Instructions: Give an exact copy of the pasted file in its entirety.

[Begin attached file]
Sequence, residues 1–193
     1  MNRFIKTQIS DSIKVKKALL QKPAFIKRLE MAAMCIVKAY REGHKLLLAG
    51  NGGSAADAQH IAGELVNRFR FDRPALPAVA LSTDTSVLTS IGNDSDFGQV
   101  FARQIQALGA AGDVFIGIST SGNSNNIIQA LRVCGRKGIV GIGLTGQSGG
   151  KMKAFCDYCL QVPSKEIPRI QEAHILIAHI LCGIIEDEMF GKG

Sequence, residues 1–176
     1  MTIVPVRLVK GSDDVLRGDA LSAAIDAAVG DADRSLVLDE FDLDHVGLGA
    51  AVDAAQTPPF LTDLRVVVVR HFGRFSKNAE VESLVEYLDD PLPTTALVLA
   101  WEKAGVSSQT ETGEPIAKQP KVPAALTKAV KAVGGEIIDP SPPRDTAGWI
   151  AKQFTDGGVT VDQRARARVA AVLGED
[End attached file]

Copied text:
Sequence, residues 1–193
     1  MNRFIKTQIS DSIKVKKALL QKPAFIKRLE MAAMCIVKAY REGHKLLLAG
    51  NGGSAADAQH IAGELVNRFR FDRPALPAVA LSTDTSVLTS IGNDSDFGQV
   101  FARQIQALGA AGDVFIGIST SGNSNNIIQA LRVCGRKGIV GIGLTGQSGG
   151  KMKAFCDYCL QVPSKEIPRI QEAHILIAHI LCGIIEDEMF GKG

Sequence, residues 1–176
     1  MTIVPVRLVK GSDDVLRGDA LSAAIDAAVG DADRSLVLDE FDLDHVGLGA
    51  AVDAAQTPPF LTDLRVVVVR HFGRFSKNAE VESLVEYLDD PLPTTALVLA
   101  WEKAGVSSQT ETGEPIAKQP KVPAALTKAV KAVGGEIIDP SPPRDTAGWI
   151  AKQFTDGGVT VDQRARARVA AVLGED